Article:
I'm doing a lot of MPEG2 to Xvid conversions using (good quality) source files from my DVR or digital camcorder. When converting I can choose to achieve either a target bitrate or a target filesize. Opting for one determines the other - irrespective of the selected video resolution. Though I am well aware that selecting a higher video resolution will leave less bits/pixel for the encoding process which eventually leads to "lower" quality...
In case you don't know what I'm referring to: By bits/pixel I mean the value that one can calculate by using this formula:In GSpot this value is displayed as "Qf" (frame quality in bits/pixel-frame).Code:[bits/pixel] = (bitrate[in kb/s] * 1000) / (width * height * frames/s)
My question is: Can I use the bits/pixel-value as an indicator of quality when encoding my MPEG2-files to Xvid? Can I use it to quickly determine a "good" combination of bitrate and resolution? If so, what is a good value (or range of values) to aim for?
Also, if you deem the bits/pixel-value as inappropriate to determine quality then how do you proceed when selecting a matching bitrate/resolution-combination? I'm looking for a (quick) way to do this without compression-tests which I find very time-consuming when doing a lot of conversions.
I'm looking forward to some insightful replies.
(By the way, to avoid discussion about the video content (if possible in this context) consider that my source files do not contain still images or extreme motion.)
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Bits per pixel is only the very vaguest of quality indications. Look at the videos in this post:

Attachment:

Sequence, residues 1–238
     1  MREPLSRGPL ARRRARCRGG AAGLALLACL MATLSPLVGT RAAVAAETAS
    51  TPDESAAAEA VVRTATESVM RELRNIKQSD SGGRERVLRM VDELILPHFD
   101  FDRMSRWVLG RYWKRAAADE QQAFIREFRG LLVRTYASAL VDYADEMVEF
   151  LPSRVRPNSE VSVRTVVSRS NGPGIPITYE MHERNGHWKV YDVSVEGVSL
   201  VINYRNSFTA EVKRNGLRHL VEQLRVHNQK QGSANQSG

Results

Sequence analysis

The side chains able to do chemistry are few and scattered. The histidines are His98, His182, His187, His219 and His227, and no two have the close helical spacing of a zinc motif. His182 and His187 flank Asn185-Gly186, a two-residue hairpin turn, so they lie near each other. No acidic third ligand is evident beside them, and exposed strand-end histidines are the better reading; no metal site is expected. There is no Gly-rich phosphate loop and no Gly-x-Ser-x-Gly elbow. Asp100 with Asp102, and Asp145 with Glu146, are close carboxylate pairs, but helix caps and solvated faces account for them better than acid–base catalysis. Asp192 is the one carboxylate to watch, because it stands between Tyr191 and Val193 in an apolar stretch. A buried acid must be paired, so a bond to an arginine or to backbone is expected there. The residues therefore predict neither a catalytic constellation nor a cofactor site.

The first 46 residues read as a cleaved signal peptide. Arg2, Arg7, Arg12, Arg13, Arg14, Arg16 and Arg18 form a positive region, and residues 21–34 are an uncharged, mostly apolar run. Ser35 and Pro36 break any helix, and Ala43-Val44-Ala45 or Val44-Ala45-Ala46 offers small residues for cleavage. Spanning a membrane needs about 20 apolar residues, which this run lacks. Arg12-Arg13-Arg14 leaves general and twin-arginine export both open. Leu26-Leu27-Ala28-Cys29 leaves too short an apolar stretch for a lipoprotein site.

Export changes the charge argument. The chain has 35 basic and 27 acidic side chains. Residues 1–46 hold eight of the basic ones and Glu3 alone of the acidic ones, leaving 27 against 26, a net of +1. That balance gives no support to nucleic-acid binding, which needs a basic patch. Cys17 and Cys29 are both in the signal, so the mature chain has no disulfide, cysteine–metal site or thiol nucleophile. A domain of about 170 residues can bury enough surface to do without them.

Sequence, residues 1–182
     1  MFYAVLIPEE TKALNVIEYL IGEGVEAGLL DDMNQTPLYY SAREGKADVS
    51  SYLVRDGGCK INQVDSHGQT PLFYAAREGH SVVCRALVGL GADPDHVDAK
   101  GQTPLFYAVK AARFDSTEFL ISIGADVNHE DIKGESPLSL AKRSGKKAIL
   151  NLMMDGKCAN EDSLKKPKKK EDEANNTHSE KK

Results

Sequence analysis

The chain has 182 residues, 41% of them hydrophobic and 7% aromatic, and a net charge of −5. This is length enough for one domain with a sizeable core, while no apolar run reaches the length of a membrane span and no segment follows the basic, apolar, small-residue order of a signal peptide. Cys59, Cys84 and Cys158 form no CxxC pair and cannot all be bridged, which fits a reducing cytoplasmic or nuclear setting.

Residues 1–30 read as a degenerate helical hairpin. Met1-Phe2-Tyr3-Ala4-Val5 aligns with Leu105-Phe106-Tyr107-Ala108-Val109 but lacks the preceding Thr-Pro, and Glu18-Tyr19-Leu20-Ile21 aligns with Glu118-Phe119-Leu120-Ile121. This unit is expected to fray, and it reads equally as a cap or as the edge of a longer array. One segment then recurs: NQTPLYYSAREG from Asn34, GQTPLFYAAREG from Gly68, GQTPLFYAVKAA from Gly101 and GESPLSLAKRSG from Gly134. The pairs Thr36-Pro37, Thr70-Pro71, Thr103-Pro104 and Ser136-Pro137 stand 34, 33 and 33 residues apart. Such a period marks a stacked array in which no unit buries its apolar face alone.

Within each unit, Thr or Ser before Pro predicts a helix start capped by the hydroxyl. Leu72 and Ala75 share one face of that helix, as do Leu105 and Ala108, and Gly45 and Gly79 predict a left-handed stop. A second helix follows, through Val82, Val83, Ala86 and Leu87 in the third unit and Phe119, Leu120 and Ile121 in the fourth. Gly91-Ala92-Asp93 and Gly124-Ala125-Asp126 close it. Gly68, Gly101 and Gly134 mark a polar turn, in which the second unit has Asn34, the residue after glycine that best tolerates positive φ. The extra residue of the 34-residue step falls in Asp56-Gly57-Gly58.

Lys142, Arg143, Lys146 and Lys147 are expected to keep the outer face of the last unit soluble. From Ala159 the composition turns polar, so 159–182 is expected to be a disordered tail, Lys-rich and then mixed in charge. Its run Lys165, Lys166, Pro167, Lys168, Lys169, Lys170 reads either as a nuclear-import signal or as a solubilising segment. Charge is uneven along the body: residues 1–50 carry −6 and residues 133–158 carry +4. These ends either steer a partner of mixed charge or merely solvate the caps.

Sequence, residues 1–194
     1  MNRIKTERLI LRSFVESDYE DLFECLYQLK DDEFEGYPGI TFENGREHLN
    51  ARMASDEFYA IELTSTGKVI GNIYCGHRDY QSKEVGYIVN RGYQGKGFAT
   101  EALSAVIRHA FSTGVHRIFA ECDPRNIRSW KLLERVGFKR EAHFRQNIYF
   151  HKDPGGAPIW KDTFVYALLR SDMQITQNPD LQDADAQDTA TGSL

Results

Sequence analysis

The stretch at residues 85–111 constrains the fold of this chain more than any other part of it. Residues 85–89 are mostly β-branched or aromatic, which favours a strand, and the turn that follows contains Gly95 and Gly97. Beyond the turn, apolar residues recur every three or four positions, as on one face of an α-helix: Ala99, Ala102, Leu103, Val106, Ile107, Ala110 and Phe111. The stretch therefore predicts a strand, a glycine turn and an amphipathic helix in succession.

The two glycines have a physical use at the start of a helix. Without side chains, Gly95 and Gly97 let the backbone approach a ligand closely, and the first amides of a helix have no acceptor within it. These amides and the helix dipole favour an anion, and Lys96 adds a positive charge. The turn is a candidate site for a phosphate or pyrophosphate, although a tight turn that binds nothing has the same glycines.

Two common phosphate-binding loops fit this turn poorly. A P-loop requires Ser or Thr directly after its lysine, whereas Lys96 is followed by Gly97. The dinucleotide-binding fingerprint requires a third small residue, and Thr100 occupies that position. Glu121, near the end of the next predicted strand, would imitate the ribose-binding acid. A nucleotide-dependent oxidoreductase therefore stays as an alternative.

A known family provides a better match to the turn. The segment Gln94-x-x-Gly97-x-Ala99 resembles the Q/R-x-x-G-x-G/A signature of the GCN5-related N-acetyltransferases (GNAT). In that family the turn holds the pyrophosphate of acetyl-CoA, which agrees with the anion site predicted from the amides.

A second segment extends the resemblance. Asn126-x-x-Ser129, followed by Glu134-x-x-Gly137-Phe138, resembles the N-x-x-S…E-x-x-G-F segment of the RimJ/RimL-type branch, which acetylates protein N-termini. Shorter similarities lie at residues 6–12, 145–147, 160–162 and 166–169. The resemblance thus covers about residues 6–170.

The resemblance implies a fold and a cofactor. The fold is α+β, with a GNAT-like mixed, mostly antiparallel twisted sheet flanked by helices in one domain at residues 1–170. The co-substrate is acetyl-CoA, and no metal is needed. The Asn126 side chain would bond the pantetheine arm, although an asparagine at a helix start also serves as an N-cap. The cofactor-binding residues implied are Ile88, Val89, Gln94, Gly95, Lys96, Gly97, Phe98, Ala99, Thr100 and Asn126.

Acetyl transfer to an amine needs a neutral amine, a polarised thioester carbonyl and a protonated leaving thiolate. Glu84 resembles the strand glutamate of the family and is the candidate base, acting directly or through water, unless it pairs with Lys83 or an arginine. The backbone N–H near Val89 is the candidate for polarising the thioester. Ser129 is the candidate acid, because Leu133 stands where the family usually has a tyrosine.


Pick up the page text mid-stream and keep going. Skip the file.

Compare their bits-per-pixel values. Which would you rather watch?
Keep in mind that resolution is a part of quality. Bits-per-pixel doesn't take this into account. For example, if you have a video that's 640x480 and another video that's 64x48 with the same bits-per-pixel rating the larger one will look far better when viewed full screen because of the greater resolution.
If you're interested in quality just use constant quality encoding. You'll always get the quality you want. The file will turn out whatever size (bitrate) is necessary to deliver that quality.
Thanks for the reply, jagabo. The link to the video-comparison is quite interesting and it pretty much eliminates bits/pixel as an indicator of quality...
You are right, I am - first and foremost - interested in quality (although I don't have "endless" disc-space). What exactly do you mean by "constant quality encoding"? Is that 1-pass encoding with a predefined quantizer? If so please enlighten me here: I always thought that 2-pass encoding delivers the best quality because of the source file-analysis that takes place in the first pass.
I always used 2-pass to encode my videos so do you have any recommendations on what value to use for the quantizer in 1-pass (considering the MPEG2 source files)?
Also, this might be a bit off-topic but how much of an influence do B-frames have on quality/size?
Originally Posted by Information
...what value to use for the quantizer in 1-pass
I usually use q=3. Sometimes q=2. At q=3 you can see a little macroblocking if you look at enlarged still frames. But it's not really noticeable at normal playback speeds. At q=2 you get almost no macrblocking but the files sometimes get nearly as big as the DVD source (so why bother) and bitrates can get too high for some playback devices.
With Target Quantizer (constant quality in a mathematical sense) mode you select the quality. Xvid uses whatever bitrate is required at each frame to deliver that quality. The final average bitrate (and hence file size) is unknown until the encoding is finished.